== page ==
During demonstrations against Columbus Day in Guatemala, protesters tried to overturn a statue in honor of the discoverer. Around a thousand people took part in a protest march through a rich district in the south of the capital yesterday. A statue of the former Guatemalan President Jose Maria Reyna, who ruled at the end of the 19th century, was also damaged.
At the head of the protest march, participants carried a poster that read “12. October, Day of Dignity and Indigenous, Black and Popular Resistance ”. In many countries on the American continent, Columbus Day is celebrated on October 12th, on the occasion of the arrival of the navigator Christopher Columbus in America in 1492. In Guatemala the holiday is officially called “Hispanic Day”. Indigenous groups reject this designation.
Video footage posted online shows how the demonstrators stretch a rope to bring down the equestrian statue of former President Reyna. The statue actually goes down and is beheaded. However, this does not work with a bronze statue of Columbus on a globe.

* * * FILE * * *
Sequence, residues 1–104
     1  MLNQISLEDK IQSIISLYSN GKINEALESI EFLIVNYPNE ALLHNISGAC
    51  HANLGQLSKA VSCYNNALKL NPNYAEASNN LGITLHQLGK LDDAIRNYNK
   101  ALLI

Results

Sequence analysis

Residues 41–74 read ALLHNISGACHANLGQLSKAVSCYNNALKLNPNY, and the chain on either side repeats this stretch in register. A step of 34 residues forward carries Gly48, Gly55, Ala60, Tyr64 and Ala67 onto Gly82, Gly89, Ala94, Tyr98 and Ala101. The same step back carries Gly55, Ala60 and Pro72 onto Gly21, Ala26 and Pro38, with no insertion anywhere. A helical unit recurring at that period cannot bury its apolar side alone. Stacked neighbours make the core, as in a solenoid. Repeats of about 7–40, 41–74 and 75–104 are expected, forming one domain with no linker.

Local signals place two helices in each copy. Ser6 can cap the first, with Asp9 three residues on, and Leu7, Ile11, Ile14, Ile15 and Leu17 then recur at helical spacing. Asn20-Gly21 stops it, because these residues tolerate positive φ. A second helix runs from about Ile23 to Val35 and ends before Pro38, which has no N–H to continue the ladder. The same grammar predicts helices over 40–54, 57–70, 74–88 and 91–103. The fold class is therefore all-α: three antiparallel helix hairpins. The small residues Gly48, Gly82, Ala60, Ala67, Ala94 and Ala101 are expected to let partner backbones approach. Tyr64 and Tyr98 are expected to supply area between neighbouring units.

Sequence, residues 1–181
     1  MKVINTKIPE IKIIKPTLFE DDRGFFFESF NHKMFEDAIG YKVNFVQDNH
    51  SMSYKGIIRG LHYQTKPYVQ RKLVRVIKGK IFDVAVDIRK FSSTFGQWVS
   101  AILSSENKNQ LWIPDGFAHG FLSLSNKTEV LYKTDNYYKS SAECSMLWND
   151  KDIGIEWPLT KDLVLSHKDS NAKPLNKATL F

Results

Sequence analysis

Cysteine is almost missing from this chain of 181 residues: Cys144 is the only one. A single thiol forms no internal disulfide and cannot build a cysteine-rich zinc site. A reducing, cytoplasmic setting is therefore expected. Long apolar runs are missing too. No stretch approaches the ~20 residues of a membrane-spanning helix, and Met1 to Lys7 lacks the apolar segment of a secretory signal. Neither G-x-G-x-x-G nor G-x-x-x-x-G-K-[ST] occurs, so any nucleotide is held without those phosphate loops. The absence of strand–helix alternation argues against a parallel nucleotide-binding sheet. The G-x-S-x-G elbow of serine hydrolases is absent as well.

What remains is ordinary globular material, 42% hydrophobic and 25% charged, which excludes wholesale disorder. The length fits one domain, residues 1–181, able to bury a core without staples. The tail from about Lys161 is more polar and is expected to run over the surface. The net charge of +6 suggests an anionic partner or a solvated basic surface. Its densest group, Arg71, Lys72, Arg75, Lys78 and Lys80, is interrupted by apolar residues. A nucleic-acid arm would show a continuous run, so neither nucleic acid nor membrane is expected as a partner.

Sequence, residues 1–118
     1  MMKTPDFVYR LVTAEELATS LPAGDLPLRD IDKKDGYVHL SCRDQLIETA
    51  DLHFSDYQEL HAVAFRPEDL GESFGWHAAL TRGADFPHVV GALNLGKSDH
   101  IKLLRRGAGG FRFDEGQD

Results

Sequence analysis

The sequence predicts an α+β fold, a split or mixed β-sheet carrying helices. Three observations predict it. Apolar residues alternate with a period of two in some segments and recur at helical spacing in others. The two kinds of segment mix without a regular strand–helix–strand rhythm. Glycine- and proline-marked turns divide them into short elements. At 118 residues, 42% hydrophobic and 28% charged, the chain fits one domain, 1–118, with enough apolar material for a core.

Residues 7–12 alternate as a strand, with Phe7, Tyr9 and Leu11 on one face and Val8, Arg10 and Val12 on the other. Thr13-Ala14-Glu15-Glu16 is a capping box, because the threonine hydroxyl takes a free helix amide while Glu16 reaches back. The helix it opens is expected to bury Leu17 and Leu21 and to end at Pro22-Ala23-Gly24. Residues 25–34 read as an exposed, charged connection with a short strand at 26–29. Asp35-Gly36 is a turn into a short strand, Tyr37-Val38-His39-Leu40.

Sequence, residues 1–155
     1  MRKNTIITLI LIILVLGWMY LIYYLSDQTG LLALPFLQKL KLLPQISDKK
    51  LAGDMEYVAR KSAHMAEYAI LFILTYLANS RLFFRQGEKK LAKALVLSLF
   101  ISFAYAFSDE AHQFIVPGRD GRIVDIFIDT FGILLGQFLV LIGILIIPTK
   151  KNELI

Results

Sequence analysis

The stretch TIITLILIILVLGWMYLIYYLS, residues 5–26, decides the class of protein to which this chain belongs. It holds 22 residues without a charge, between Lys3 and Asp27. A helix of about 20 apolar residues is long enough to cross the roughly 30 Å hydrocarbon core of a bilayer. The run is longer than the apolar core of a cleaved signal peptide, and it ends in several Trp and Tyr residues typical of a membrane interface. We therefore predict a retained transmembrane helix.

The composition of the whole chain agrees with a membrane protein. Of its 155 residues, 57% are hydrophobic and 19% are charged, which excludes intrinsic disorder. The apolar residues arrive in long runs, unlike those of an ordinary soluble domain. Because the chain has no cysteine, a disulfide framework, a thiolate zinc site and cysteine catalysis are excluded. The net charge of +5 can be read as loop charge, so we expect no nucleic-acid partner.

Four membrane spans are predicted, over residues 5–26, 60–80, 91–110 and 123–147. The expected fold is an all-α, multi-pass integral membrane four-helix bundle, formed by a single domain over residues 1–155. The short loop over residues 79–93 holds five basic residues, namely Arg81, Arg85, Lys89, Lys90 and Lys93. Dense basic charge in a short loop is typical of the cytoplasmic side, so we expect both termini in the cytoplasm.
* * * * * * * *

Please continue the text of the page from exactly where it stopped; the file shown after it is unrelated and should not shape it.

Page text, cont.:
Columbus stands for colonization
In recent years, Columbus statues have been repeatedly damaged in demonstrations against Remembrance Day in many countries. For many, the seafarer is symbolic of the violent colonization and conquest of the continent.
“We are marching to say that on October 12th we have nothing to celebrate that has to do with the conquest, but that we are demanding rights,” wrote a protester on the online networks. “This day, which is so sadly celebrated, is the day of the invasion, it bears witness to expropriation, theft and multiple acts of violence.”
With around 42 percent of its 17 million inhabitants, Guatemala has the largest indigenous population in Central America.